Eyeless in Gaza


Article 6(b) of the 1945 Charter of the International Military Tribunal, later enshrined in the Fourth Geneva Convention, classifies the indiscriminate bombardment of civilian targets as a war crime. For 11 days in May, the Israel Defence Forces carried out such a bombardment, launching hundreds of air strikes on residential areas in Gaza, whose two million inhabitants were already trapped in a humanitarian crisis even before the missiles fell.

More than 250 people were killed, all but 13 of them Palestinian, during the mini-war that ended on 21st May with an Egyptian-brokered ceasefire. The Palestinian dead included 96 women and children. (Twelve Israelis, including two children, were killed by Hamas rocket fire.)

On 26th May, Israel’s then Prime Minister Benjamin Netanyahu thanked Boris Johnson for his ‘staunch and unwavering’ support during this murderous fortnight, while US President Joe Biden offered the usual tepid remarks.

It goes without saying, and was unsaid by Johnson and Biden, that the Israeli attacks on Gaza were war crimes. The barbaric treatment of the people of Palestine is a crime against humanity that dates back to the founding of the state of Israel, in 1948, when three quarters of a million Palestinians were expelled from their homes.

Over the decades Arab dispossession has been a constant theme. Indeed the spark for the latest fighting was a Palestinian demonstration, in early May, against the eviction of six families from their homes in the Sheikh Jarrah neighbourhood of East Jerusalem. As the unrest escalated, Israeli police stormed the al-Aqsa mosque, the third holiest place in Islam, using tear gas and stun grenades.

Israel claims Jerusalem as its ‘eternal and undivided capital’ but the eastern part of the city, which it captured in 1967, remains largely Palestinian. The Sheikh Jarrah homes sit on land that was owned by Jews before Jordan occupied East Jerusalem in 1948. Israeli law allows the heirs of the original owners to reclaim such property, but Palestinians cannot claim their former homes in West Jerusalem. Moreover they have watched Israel confiscate land and build settlements on occupied territory in the West Bank, which is illegal under international law. At the same time, the Gaza Strip has been cut off from the rest of Palestine by an Israeli blockade since 2007, when Hamas grabbed control of the enclave.

Israel’s allies in London and Washington have always been complicit in the dispossession of the Palestinian people because they have provided the state of Israel with advanced weaponry and ‘staunch and unwavering’ political support. The United States has even moved its embassy in Israel from Tel Aviv to Jerusalem, a provocative act against the Palestinian people. Yet such is the political and military imbalance between the two sides – reinforced by security barriers and anti-missile defences – that, for most Israelis, most of the time, the conflict is out of sight and out of mind.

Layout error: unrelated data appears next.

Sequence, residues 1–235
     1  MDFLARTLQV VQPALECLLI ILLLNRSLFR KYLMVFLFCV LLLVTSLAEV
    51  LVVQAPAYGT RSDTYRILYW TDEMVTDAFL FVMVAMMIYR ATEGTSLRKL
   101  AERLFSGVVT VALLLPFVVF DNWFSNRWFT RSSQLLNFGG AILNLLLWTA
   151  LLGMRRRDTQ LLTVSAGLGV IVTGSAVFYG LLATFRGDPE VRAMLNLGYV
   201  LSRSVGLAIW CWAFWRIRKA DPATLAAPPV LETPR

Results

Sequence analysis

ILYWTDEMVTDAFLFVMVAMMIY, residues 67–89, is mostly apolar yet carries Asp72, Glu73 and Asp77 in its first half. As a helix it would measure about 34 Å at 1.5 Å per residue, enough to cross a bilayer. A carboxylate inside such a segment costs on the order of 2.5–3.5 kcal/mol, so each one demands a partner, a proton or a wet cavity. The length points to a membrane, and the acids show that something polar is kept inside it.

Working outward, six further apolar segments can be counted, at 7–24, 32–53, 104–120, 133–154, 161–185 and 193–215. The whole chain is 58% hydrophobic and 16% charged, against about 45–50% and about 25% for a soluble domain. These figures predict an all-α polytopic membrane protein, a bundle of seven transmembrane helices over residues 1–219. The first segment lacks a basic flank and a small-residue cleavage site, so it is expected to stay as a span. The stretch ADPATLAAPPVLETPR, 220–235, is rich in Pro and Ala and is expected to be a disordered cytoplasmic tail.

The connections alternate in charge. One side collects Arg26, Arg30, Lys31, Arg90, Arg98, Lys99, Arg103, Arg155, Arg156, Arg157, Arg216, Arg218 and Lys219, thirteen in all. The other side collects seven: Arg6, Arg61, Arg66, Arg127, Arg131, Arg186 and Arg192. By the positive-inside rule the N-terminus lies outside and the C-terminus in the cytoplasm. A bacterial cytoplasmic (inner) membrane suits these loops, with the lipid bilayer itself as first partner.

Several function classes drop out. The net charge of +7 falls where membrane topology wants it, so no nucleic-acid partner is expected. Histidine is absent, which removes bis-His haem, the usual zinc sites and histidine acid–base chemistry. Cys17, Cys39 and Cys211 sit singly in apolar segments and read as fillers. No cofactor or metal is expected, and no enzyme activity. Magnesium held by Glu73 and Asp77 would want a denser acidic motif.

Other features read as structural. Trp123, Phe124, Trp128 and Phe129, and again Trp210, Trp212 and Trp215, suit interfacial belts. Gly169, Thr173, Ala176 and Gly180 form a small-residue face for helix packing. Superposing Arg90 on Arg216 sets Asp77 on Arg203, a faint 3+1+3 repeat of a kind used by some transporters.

As Toby Abse notes in his analysis of Israel’s latest political upheaval (Green Socialist, Summer 2021), relations with Palestinians barely featured as an issue in the four general elections held over the past two years.

For Netanyahu, who struggled unsuccessfully to hold on to power in the face of corruption charges, a short victorious war against the defenceless population of Gaza might have seemed a way to bolster his reputation as a nationalist hero in the eyes of his extremist right-wing allies.

Yet it is instructive that a ceasefire was agreed only after the Palestinian people displayed their formidable solidarity. As the protests in Jerusalem unfolded, Palestinians in Lydd, the Naqab, Haifa, Umm al Fahem and Nazareth – all areas that are ‘Israeli’ by the logic of partition – erupted in support of Sheikh Jarrah, as they did in Nablus, Hebron and throughout the West Bank and the diaspora.

The international outcry over the plight of Palestinians is unlikely to change anything. It won’t yield a comprehensive peace agreement or help Palestinian people to repossess their stolen homes and lands. But at least the depth and solidarity of the Palestinian resistance has shattered Netanyahu’s illusion that Israel can ever be at peace without resolving the Palestinian conflict.

The peace process set up in the Oslo accords in 1993 aims to create two states that agree to disagree, giving Palestinians self-rule and a limited ‘right of return’. It was meant to happen within five years, but little progress has been made in almost three decades and, as the fighting in May showed, the peace ‘process’ itself is now in ruins, partly because Netanyahu spent most of his career working to sabotage it.

As a result of his ‘anti-solutionism’ and embrace of the Jewish far right, 450,000 Israelis now live in West Bank settlements, as opposed to just over 100,000 in 1993. Nowadays these settlements encircle Jerusalem, obstructing the Oslo vision of a contiguous and sovereign Palestine by making it almost impossible to connect the northern and southern halves of the West Bank.

Nevertheless the Palestinian people have displayed great courage and resilience in standing up for their individual and collective rights, and we support them.

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